Date on Master's Thesis/Doctoral Dissertation


Document Type

Doctoral Dissertation

Degree Name

Ph. D.


Mechanical Engineering

Degree Program

Mechanical Engineering, PhD

Committee Chair

Lian, Yongsheng

Committee Co-Chair (if applicable)

Bersen, Eric

Committee Member

Bersen, Eric

Committee Member

Bradshaw, Roger

Committee Member

Brehob, Ellen

Committee Member

Husmeier, Frank

Author's Keywords

common rail; diesel injector, fluid structure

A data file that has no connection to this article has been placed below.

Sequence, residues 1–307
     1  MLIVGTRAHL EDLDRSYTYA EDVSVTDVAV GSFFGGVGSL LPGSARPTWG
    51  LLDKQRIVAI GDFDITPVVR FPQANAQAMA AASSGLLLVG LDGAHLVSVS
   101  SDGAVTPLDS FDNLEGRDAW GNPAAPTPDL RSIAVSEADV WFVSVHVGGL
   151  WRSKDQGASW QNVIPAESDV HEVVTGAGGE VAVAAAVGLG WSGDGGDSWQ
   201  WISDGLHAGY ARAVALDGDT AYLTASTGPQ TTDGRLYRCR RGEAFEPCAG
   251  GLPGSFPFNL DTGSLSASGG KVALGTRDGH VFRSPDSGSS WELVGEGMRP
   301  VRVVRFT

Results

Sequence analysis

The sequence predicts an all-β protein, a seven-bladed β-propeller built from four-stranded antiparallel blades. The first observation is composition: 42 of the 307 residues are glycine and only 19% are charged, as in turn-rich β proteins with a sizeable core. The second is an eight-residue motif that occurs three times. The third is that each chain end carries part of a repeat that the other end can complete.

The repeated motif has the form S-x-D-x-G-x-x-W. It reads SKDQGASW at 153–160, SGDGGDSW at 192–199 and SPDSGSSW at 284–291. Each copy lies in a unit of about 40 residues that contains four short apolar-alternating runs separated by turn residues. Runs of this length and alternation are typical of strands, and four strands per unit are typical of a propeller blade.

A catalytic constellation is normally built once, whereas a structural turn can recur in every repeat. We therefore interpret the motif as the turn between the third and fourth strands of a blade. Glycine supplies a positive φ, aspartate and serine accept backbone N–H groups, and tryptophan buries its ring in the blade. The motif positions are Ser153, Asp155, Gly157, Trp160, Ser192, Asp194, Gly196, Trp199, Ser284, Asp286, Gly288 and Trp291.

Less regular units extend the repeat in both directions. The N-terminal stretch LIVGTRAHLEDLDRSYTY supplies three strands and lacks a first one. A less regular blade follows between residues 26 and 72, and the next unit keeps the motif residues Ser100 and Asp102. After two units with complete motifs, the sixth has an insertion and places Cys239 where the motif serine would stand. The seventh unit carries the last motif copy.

The internal flow of a high-pressure diesel injector is simulated numerically to investigate the complex transient flow structures and the unsteady forces imparted to the injector needle that result from the asymmetric flow fields developed during operation. The gas-liquid two phase flow is simulated using a mixture model with the cavitation numerically modeled using the Zwart-Gerber-Belamri model. Both the k-ε model and the detached eddy simulation (DES) model are used, and the numerical results are compared. This dissertation looks at the internal flow of a generic injector at different lifts and characterizes the flow parameters at high lift and low lifts. This paper shows that the DES model captures the important unsteady flow features missed by the k-ε model. A DES simulation of a dual gain orifice injector is performed and the impact of a unique vortical structure that is generated by the gain orifices on the flow characteristics is discussed. The fluid-structure interactions of an injector at hover are simulated and the behavior of this injector and the impact of the resulting lateral bending motion of the needle is discussed. This paper identifies the geometric feature that creates the asymmetrical flow that leads to the bending motion. In the final portion of this dissertation the fluid-structure interactions are simulated over the entire injection cycle. This dissertation discusses how the bending motion of the needle is initiated and develops over the injection cycle and discusses the impact of this motion on the fuel quantity injected and the vapor formed during operation by comparing the FSI simulation to a simulation where the lateral motion is artificially limited.